part and in others, area leaders conduct the rituals.
Members of the maveerar kudumbamgal would stand in a line with flower trays
and small earthen coconut oil lamps or candles depending on whether they are
Hindus or Christians. The torch to light the main Flame of Sacrifice, the
thiyaga sudar, is brought by LTTE cadres in a relay and handed over to
Pirapaharan at the main location or to area leaders at other places. The Flame
of Sacrifice is to be lit at 6.04 p.m., the time Shankar died. Then family
members light lamps or candles they carried and place them at the foot of the
graves of their dead relative."
1989 - First Maaveerar Naal Nihalvu -
From 'Tamil Eelam', November 1989 - A journal published by the Political
Section of the Liberation Tigers of Tamil Eelam. English translation. [courtesy
"27 November 1989 was the first time the Tamil people commemorated Heroes'
So far, 1,307 LTTE fighters have sacrificed their lives for the advancement
of the Tamil Eelam liberation struggle and for drawing world attention to it.
The courageous death of each and every one of these fighters is a heroic chapter
in the story of the Tamil Eelam liberation struggle.
In this, the death of the first fighter Lt. Shankar is a unique chapter.
27 November 1982 is the day in which Lt. Shankar (Sathianathan) gave his life
for the liberation struggle. That was an unforgettable day. Today, LTTE fighters
are giving their lives almost daily. Daily events in their memory are also being
But Shankar's death was unique. There was a sacrifice even in his death itself.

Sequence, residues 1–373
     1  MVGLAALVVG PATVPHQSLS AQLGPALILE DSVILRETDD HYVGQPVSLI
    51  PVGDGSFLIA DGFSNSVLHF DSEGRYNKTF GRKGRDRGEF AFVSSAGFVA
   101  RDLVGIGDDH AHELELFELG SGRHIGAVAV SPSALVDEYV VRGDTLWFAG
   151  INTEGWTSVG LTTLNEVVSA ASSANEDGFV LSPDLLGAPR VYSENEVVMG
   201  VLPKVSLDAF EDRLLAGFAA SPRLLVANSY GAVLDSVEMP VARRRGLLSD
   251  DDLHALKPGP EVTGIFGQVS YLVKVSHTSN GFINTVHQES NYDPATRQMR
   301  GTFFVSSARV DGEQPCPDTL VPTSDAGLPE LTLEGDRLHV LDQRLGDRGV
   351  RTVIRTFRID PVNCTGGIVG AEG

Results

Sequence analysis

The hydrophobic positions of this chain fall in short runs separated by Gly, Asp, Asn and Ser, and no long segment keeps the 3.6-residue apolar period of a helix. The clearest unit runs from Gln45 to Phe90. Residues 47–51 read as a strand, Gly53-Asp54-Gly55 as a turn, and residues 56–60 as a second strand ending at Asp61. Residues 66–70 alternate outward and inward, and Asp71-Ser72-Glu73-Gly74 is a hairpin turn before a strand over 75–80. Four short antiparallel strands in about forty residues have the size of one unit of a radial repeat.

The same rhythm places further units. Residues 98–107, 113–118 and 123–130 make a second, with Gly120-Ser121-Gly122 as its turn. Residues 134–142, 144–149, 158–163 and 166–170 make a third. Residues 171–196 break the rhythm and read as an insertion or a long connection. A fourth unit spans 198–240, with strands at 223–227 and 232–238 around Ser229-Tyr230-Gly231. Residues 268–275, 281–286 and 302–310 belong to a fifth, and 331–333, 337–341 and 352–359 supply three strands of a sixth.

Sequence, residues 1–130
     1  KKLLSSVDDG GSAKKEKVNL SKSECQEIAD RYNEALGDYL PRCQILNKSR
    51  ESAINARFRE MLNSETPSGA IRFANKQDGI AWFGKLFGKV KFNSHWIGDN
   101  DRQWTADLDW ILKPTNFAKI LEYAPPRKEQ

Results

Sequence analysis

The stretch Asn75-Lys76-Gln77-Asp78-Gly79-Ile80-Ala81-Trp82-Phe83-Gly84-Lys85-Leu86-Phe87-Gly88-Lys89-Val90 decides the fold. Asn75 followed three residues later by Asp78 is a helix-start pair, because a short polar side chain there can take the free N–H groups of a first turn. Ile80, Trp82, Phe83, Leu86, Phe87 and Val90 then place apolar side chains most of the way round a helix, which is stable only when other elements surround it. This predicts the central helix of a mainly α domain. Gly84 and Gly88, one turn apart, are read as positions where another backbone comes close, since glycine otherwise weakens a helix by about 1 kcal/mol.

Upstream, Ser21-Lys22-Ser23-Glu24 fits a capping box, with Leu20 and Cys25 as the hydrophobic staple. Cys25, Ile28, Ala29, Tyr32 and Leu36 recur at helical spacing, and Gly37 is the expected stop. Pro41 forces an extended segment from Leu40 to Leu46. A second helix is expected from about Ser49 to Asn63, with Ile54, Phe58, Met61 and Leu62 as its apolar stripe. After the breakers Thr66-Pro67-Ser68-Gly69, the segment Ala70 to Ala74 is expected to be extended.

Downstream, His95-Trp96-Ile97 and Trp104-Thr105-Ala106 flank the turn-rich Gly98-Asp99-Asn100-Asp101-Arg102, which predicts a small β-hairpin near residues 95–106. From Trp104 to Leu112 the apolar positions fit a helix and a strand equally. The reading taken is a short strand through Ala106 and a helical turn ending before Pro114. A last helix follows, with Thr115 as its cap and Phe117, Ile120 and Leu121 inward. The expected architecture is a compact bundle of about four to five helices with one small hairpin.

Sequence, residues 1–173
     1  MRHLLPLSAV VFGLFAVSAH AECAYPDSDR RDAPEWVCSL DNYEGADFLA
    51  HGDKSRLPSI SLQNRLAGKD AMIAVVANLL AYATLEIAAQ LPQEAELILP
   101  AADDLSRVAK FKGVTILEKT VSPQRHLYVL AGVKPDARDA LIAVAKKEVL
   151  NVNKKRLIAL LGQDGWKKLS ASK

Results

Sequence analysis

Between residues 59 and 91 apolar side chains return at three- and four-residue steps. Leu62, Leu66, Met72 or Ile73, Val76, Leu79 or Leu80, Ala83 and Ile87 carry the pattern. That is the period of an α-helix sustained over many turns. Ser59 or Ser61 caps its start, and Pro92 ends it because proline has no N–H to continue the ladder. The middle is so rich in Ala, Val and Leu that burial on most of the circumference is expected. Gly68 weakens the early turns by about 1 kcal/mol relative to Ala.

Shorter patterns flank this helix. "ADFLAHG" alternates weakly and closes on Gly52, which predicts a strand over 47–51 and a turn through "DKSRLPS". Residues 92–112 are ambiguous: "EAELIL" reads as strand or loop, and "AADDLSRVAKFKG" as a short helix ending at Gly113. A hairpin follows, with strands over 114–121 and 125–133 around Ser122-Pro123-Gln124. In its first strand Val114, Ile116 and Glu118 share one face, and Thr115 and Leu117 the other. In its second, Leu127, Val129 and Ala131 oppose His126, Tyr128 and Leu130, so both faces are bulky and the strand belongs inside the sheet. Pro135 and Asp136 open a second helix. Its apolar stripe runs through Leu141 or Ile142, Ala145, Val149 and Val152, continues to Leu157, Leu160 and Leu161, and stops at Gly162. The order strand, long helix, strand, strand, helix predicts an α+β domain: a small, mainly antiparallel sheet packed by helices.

Regrettably it was a situation when the LTTE was not able to publicly announce
his death, the first in the organisation's history, to the outside world. The
news of his death, had it been announced by the LTTE, would have put many LTTE
supporters in danger of being hunted by the oppressive Sinhala government.
So his death was not made public immediately and it was only on the first
anniversary of his death, was it announced to the outside world.
LTTE fighters have died in different circumstances; on the battlefield, by
taking cyanide to avoid capture, killed by the enemy after a traitor's acts,
killed by a traitor's hand, succumbing to battle injuries when treatment has
In all these ways, 1307 fighters have laid down their lives for the ideal of
Tamil Eelam and a dawn for the Tamil people.
To commemorate these fighters together, the LTTE has decided to declare November
27, the remembrance day of Lt. Shankar (the first LTTE fighter to die), as
Maveerar (Heroes) day and to celebrate that day annually as a rising day. "